For the record, I disagree with the "Sigma is clinical" assessment. I've seen a lot of images that look wonderful from that lens. I lean towards the Canon mostly because they both look great and the price difference is significant.

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I know it wasn't one of the requested options, but, if you're willing to spend $900 on a new lens just for indoors, get a 6D on sale and keep using the Pancake (I love the Pancake on my 5D2).
I love the out of the box thinking, but I think I'll wait another year or two before I upgrade my camera. I've only had the t4i for a year and a half, and in many ways am still learning how to use it.

I searched this website for 6D sale prices, and only see it going as low as $1600. That's a 78% increase from what I already determined to be the top of my price range!

Good news wife - I brought my lens idea to the canonrumors message board, and decided that instead of a 35mm prime, I'll get a 5d mark 3 and 70-200L! :)

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I have owned the 40mm and now I have the 35mm f2IS and the later is sharper and has IS that allow you to take pictures in very low light at low speeds. It is a general purpose lens in APS-C and excellent walkaround in FF.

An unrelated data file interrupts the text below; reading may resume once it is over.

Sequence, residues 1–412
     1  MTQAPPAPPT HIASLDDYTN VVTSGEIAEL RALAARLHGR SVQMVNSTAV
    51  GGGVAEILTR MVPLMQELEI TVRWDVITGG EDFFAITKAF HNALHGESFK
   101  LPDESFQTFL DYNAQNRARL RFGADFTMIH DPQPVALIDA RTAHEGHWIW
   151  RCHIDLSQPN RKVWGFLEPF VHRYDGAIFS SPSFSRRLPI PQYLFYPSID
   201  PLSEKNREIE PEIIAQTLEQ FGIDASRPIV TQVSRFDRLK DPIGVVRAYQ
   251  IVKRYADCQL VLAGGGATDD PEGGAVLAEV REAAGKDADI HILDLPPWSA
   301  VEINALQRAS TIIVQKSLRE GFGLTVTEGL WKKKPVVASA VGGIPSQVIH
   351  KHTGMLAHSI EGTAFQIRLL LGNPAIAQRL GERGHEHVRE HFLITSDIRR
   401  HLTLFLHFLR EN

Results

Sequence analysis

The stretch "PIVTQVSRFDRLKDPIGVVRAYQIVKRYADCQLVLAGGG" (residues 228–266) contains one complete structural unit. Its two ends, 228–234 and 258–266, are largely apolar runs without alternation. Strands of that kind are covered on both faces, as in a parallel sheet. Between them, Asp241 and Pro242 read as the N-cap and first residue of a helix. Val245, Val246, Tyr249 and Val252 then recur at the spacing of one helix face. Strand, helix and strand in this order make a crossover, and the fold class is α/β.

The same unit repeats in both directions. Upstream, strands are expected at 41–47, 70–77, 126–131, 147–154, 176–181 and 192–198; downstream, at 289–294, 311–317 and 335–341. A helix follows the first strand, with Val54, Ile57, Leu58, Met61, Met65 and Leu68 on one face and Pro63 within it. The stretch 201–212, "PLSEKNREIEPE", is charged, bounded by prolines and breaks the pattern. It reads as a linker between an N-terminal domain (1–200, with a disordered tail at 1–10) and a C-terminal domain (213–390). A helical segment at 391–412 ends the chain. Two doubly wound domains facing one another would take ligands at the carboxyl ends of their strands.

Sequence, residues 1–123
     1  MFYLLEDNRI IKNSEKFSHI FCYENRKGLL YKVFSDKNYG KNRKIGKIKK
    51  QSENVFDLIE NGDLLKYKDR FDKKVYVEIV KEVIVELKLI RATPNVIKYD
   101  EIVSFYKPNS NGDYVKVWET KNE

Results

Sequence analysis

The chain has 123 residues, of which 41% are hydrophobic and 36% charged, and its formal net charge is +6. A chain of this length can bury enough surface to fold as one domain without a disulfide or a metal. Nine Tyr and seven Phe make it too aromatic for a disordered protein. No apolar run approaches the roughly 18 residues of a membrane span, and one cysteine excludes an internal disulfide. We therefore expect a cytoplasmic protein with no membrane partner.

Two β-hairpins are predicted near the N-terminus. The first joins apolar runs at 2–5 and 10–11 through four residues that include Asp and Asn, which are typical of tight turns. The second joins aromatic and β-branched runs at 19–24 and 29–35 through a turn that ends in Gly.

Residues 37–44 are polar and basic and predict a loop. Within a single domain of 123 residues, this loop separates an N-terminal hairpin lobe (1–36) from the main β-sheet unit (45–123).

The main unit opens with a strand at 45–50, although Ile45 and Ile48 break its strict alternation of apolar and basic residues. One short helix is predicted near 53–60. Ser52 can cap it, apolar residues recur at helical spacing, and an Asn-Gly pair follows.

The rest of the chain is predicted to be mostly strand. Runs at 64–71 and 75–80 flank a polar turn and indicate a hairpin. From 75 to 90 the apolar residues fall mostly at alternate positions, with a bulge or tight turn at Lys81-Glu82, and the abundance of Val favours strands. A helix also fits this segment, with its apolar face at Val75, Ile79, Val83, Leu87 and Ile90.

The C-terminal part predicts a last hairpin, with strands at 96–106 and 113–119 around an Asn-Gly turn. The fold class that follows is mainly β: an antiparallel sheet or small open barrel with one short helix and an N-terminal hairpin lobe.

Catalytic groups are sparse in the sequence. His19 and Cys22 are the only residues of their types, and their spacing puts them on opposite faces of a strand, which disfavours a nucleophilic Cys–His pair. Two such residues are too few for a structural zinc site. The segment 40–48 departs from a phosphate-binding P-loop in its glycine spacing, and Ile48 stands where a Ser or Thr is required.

If you are not planning to move to FF in the near future, I recommend the 17-55 f2.8IS and the Sigma 18-35 f1.8. These two lenses are made for APS-C and offer better IQ and sharpness than many lenses made for FF.
Since you are familiar with both the 40mm and the 17-55 2.8, could you draw any comparison between those two lenses at the 40mm focal length that they both share? Is the zoom ability the primary reason to consider the 17-55, or would I also notice an increase in performance at 40mm (due to better IQ, or even just due to IS)?

Or to make things more complicated, what about comparing the 35mm prime to the 17-55 at 35mm?

I ask these questions, because I think I'm more attracted to a lens that will get me the occasional stunning photo than I am to versatility. If the 17-55 delivers both stunning photos and versatility, great, but otherwise I think I'd still be leaning towards the Canon or Sigma 35mm.

I greatly appreciate everyone's feedback. Please know that I take all the replies seriously, and use them as a launching point to watch youtube videos and generally learn more about all the lenses you all are recommending.